• The Pending Home Sales Index for August rose 8.1% month-over-month, beating estimates for a 1.0% gain and reversing two-straight months of declines.
  • Dollar Tree was the best performing S&P 500 stock for the week, increasing 16.4%. Shares gained after the company announced a plan to add more products at slightly higher prices. Dollar Tree said it would start selling products at $1.25 and $1.50 or other prices slightly above $1 in some of its stores.


  • New jobless claims have risen for a third straight week. Initial jobless claims unexpectedly rose to 362,000, above consensus for 335,000. Continuing claims logged 2,802,000, just a bit higher than the consensus for 2,800,000.
  • September’s Richmond Fed Manufacturing Index fell into contraction, moving to -3.0 versus consensus for +11.0 and August’s +9.0. Consumer confidence in September came out at 109.3, below consensus for 114.0 and August’s upwardly revised 115.2. Both present situation and expectation components fell during the month.
  • Moderna was the worst performing S&P 500 stock for the week, losing 20.3%. Shares declined after Merck’s antiviral pill cut the risk of hospitalization or death related to COVID by 50% in an interim analysis of a late-stage trial.


  • One in four companies has instituted a vaccine mandate for U.S. workers, a sharp increase from last month, following President Joe Biden’s directive ordering large employers to require shots or weekly testing. Another 13% of companies plan to put a mandate in place, according to Brian Kropp, chief of human resources research at consultant Gartner.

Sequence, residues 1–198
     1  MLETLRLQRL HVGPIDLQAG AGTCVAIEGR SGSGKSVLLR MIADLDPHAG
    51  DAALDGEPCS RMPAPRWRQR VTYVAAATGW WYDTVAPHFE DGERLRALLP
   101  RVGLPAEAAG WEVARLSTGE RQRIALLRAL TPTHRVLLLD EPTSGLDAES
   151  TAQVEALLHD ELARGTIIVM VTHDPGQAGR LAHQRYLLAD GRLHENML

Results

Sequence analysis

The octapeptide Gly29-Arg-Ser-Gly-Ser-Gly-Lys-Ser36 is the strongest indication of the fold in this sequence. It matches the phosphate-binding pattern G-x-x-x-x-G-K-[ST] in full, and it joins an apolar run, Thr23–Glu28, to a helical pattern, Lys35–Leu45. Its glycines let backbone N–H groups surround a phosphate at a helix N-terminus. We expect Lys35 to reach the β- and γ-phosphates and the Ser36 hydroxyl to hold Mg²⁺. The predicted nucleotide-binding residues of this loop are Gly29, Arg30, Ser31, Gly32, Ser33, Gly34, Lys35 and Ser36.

• Bloomberg economists expect nonfarm payrolls to increase by 500,000 next week pointing to further recovery in the job market. The unemployment rate will likely drop to 5% for September, lower than the 5.2% reported a month ago.
  • Manufacturing activity remains strong in the United States. The final September reading for Markit’s Manufacturing PMI came out at 60.7 versus 60.5. The University of Michigan Consumer Confidence and Current Conditions jumped. ISM new orders came out higher than expected in September. Better economic data is pointing to a continuation of economic recovery.


  • Rising Treasury yields and increasing energy prices have pushed equites lower in September. Usually, higher rates and firmer energy prices are seen as positive signs of the economic recovery, but the recent speed of the shift continues to surprise the market. On Thursday, the S&P recorded its first monthly decline since January.